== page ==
(*) Being stuck 150ft up on an electro-precipitation stack at a cement works, at midnight, trying to work out why an active noise controller isn't working doesn't rate highly in my list of fun things to do.

Clive Foster01/06/2020 18:29:30
2245 forum posts
73 photos

For pulse timing applications the more channels the better, within reason.

Chasing timing errors down with a two channel scope can be a miserable experience because you pretty much have to devote one channel to a reference so with several potential pulse string to pulse string error possibilities you are forever swopping around. Not ideal for the inexperienced.

8 channels are much nicer in my experience but then connections can be difficult. Once all hooked up youhave a clear view tho'. I often found 16 too many.

Bigger screen helps.

Ideal for pulse timing and similar would be a very limited box able to display pulse trains linked to a tablet for the display and control. At modern electronics prices a one job tool is viable. Needs to be buy, not build, with robust software and a manual.

Clive

Leslie Rix01/06/2020 19:04:58
10 forum posts

Dave, (SOD)

I have an Instrustar IS205A usb, datalogger and spectrum analyser which does a fair job on frequency analysis but no way can I get a printout. Current cost is about £65 from China via ebay.

Also have a Hantek 6022BE similar usb scope but not sure it does FFT; cost around £40. Best to search both on ebay for full specs.

Sorry I didn't get back to you on PM re. vibration lathe analysis but I just bought a Raspberry PI and I think I have fried my brain. What the learning curve is I daren't guess. Over the years I opted away from an electronics career to be a noise and vibration consultant - my workshop is testament to the deep allure of swarf and oil.

Basically for a manual lathe f(0) is mandrel rpm dictated by balance quality riding on background slush (noise) generated by lubicant swirl and sundry resonances plus motor speed and electrical noise. All other frequency peaks relate to gear meshes and bearing noise don't forget beat frequencies including relative speeds and rolling element speeds. Hewlett Packard used to do a handy booklet on this.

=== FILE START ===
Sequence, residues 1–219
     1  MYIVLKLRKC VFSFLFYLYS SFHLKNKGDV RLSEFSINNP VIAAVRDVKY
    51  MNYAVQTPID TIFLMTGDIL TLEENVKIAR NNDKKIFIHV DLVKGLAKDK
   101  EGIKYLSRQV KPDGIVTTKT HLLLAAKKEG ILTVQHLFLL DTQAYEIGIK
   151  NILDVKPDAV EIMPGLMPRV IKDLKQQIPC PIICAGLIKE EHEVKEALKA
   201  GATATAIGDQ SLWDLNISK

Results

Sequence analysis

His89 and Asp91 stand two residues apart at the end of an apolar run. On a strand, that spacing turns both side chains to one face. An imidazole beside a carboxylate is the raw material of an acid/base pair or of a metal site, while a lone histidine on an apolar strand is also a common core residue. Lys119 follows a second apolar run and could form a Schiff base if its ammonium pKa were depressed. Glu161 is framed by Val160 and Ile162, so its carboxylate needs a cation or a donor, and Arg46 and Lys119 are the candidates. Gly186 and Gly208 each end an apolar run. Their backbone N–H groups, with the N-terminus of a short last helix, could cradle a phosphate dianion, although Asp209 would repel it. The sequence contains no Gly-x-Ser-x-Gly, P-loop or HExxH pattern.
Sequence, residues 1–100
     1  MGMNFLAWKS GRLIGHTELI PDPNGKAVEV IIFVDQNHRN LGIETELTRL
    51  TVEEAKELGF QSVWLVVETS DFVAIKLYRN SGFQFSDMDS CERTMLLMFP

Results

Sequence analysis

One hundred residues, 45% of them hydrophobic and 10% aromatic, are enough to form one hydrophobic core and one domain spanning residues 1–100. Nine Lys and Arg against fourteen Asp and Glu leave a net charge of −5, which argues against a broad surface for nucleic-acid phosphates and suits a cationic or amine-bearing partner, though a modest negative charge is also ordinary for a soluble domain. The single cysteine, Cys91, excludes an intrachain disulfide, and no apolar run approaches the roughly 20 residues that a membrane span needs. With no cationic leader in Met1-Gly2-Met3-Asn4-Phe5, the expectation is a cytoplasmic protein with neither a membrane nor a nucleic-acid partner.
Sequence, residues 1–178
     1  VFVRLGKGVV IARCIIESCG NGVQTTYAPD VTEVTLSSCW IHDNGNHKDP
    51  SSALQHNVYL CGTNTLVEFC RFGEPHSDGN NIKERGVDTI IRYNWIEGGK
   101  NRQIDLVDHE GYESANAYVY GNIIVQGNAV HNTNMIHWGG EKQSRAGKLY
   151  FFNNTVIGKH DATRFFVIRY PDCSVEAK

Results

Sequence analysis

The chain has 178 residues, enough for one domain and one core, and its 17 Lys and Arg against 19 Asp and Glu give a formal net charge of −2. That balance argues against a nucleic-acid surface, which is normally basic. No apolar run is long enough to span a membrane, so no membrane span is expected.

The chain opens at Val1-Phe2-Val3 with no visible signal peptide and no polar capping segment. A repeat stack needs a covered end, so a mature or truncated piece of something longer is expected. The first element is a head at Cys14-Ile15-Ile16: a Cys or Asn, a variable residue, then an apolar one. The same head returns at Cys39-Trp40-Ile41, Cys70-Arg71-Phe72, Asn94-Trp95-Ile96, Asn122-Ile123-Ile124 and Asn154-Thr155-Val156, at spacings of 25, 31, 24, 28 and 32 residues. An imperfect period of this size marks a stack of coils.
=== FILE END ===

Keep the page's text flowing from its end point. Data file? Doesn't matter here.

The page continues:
Hope this helps, Les

SillyOldDuffer01/06/2020 20:16:43
5921 forum posts
1281 photos

Thanks Les, very interesting! I didn't know it was possible to buy a logic analyser for that kind of money. I'm going to order one!

I sympathise with your RaspberryPi shock - that little card has 50 years of software complexity in it! Hours of 'fun' ahead!

Your last paragraph opened up some interesting ideas as soon as I followed the clue. For example, motor vibration caused by 'soft foot' , which is when the motor doesn't sit evenly on it's mounting. Detected by putting a DTI on the motor and slackening eacjh bolt in turn; if the DTI registers more than 1 thou of movement the foot should be shimmed. I'd never have thought of that!

Cheers,

Dave

Andrew Johnston01/06/2020 20:48:14
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5553 forum posts
650 photos
Posted by Clive Foster on 01/06/2020 18:29:30:

Ideal for pulse timing and similar would be a very limited box able to display pulse trains linked to a tablet for the display and control.

They're available and called logic analysers They concentrate on displaying time relationships between channels and are less concerned with voltage levels. They usually display a channel as 0 and 1 based on the levels of a selected logic family. Relatively cheap ones are available, although I can't remember the details. On the other hand fancy ones (32 channels and upwards with bandwidths into the GHz) can approach £100k. The better ones can morph a number of channels into one line with a binary or hex equivalent of the channels. When looking at address and data buses that's often more useful than displaying individual lines.

Andrew

fastdave06/07/2020 16:58:03
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28 forum posts

Go with the moderator mate, save yourself money and KMoon is incredibly clever - I have used several of their innovative devices - I have Hameg scope and all sorts of radio analysis equipment, but Kmoon takes value for money - I got one of these little scopes - way acurate enough by it's very nature, and a little signal generator (same people) - totally impressed - scope even comes with a probe!

Dave, Fife.